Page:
Congratulations to Stephen Grey who, as announced elsewhere in this issue, has won an Amnesty International media award for his brilliant New Statesman cover story (published under my editorship last year) on "Bush's Gulag". But I have a little axe to grind.
Grey's piece was shortlisted on an earlier occasion by the Foreign Press Association (which represents foreign correspondents based in London) for another award. It was beaten into second place by the Sun's Trevor Kavanagh, who reported the contents of the Hutton report shortly before its official publication. Kavanagh's scoop has received at least two other prizes.
The plaudits lavished on Kavanagh speak volumes about the London-based media, and I was surprised that foreign journalists had been sucked into this self-referential world. Kavanagh told us something that would become freely available to the public a few hours later. Its premature publication changed nothing.
Grey's story - about how the US was handing over terrorist suspects to regimes that used torture - followed months of unaided research. It exposed a practice that was secret and intended to remain so. The disclosure, eventually followed up by almost every serious newspaper and magazine in the world, may have saved the lives of some and the freedom of others.
The media awards industry, which grows every year, habitually ignores such achievement. It prefers one-day wonders, often of significance only to Westminster cognoscenti, and stories about trivial domestic scandals. In that, I am afraid, it reflects the priorities of the national press.
How were the Sunday papers to cover Hurricane Rita? Here was a rare example of a genuine news story that was due to break on Saturday, with the storm heading for Texas and expected to cause death and destruction. Better still, it would strike on the eve of the Labour conference, and editors could kick boring old, sales-depressing Blair and Brown off the front pages. But Rita let everybody down. The Sunday Telegraph's solution was to laugh its socks off at the TV channels that had also prepared for a major story.
The BBC had sent 34 reporters, producers and camera crew. Such foolishness at the licence-payers' expense! The paper's front page showed a Sky News reporter looking wistful and referred to the "full story" inside, headlined "Oops! TV crews left deflated as Rita blows herself out". This was accompanied by more pictures of glum reporters, one captured from a screen where the caption read: "Is global warming to blame?" The paper had thus made a useful political point: global warming is an anti-American invention and hurricanes are an opportunity for leftist media types to knock a successful capitalist country.
The Independent on Sunday, by contrast, takes global warming, and many other such threats, very seriously indeed. What with one thing and another that I read about in the IoS, humanity seems unlikely to survive the decade, never mind the century. So the paper greeted news of Rita's lamentable failure to sell Sunday newspapers with a warning that a hurricane is on its way to "extremely vulnerable" New York. Well, it hasn't actually been sighted yet, but it seems to be one of those "when, not if" affairs, which puts it in the same category as a pandemic of bird flu, another terrorist attack on London and the succession of Gordon Brown to the premiership.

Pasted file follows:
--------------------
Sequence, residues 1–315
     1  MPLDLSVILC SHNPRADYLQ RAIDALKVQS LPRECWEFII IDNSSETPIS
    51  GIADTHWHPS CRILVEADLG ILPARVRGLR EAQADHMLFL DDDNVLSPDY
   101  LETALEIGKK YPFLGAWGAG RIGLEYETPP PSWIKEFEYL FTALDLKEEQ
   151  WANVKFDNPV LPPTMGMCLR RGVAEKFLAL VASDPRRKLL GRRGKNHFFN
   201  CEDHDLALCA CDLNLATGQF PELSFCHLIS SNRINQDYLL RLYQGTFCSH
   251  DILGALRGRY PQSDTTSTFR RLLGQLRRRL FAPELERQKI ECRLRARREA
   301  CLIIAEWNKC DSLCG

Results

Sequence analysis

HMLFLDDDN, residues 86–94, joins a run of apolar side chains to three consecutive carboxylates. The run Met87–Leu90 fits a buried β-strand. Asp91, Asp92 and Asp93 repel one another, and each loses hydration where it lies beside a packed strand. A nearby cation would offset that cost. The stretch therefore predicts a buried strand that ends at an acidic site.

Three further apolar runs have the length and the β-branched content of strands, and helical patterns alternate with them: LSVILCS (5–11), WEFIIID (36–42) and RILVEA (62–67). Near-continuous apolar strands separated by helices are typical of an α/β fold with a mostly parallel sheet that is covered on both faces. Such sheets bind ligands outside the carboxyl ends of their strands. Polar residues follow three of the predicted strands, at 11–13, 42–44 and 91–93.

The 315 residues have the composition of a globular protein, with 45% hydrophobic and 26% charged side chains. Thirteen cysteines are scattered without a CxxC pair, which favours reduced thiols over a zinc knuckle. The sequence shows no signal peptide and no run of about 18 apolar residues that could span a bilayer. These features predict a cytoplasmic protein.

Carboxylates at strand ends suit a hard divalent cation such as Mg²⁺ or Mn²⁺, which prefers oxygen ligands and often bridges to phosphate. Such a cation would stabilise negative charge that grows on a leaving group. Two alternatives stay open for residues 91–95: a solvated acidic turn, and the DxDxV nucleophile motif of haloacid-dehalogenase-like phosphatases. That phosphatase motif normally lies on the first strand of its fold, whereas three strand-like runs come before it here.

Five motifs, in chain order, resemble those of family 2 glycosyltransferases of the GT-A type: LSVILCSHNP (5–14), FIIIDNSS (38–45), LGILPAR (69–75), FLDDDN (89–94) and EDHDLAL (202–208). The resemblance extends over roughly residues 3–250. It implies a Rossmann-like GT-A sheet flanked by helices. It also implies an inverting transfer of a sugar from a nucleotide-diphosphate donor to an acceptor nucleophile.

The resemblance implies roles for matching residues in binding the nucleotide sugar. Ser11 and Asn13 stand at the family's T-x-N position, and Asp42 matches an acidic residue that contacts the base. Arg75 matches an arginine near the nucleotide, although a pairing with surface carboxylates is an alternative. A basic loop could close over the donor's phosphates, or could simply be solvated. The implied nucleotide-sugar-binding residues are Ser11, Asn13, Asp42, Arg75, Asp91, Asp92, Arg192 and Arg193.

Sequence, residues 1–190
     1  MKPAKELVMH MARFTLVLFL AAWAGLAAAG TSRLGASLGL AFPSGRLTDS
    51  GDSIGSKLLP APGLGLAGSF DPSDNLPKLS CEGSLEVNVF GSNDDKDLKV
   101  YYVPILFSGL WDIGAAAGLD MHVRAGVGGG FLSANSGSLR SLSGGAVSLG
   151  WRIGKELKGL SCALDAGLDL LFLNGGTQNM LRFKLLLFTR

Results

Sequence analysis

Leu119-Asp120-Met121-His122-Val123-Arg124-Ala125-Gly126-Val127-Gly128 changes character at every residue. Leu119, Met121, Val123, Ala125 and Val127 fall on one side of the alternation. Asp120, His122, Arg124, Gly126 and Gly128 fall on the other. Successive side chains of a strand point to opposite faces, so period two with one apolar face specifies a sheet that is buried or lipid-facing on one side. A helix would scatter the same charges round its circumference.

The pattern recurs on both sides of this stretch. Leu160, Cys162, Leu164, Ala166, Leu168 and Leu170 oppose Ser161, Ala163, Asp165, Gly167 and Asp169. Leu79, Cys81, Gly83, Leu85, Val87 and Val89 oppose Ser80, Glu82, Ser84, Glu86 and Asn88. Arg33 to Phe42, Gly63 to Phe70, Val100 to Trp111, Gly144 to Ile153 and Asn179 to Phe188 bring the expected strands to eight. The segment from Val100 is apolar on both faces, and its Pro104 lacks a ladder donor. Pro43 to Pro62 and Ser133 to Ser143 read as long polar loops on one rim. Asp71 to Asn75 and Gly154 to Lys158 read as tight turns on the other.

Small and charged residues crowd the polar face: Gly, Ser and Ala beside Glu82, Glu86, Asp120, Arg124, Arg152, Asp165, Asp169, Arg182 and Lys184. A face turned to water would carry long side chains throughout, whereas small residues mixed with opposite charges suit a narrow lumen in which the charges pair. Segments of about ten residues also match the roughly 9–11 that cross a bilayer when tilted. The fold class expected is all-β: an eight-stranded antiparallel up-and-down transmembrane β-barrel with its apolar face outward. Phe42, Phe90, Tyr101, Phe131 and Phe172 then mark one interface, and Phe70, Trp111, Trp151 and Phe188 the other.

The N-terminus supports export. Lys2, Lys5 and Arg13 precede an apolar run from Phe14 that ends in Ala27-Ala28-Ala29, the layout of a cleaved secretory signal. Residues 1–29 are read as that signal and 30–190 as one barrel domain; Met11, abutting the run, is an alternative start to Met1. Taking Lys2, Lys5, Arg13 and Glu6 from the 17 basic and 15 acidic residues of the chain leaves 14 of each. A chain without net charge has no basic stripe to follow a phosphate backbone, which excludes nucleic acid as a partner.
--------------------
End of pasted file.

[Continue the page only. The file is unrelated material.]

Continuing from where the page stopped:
Rita's failure had one blessing: it cleared the way for the Sunday Telegraph's recently appointed editor, Sarah Sands, to continue breaking exciting new ground. Following her courageous decisions to feature a male-on-male kiss and the word "fuck" in a Telegraph paper (which I noted in previous columns), Sands gave us a news-page picture of a baby on a potty. I believe this is another Telegraph first. It accompanied a story about "elimination communication", or EC, whose advocates insist "newborn babies can learn within days how to indicate that they need the lavatory" and therefore have no need of nappies. EC is said to be "sweeping America". A group with "members across 35 states" doesn't sound terribly sweeping to me, but I am prepared to believe anything of Americans, and I am all for newspapers keeping us abreast of cutting-edge thinking. I do hope, though, that when the New York hurricane finally arrives, Sands hasn't sent all her reporters to peer into babies' potties.
There's no getting away from cocaine. On Sunday, the News of the World had it on pages 7 (Kate Moss), 11 ("Queen's Guard is drug dealer"), 19 (a TV star I hadn't heard of "snorted cocaine") and 37 (another TV star was "in drug therapy with Kate"). It seems everybody, except myself and possibly NoW editors who accompanied all these stories with protestations of "shock", is on cocaine. On page 33, I found out why. According to a brief news story, "every banknote in Britain" has traces of the stuff.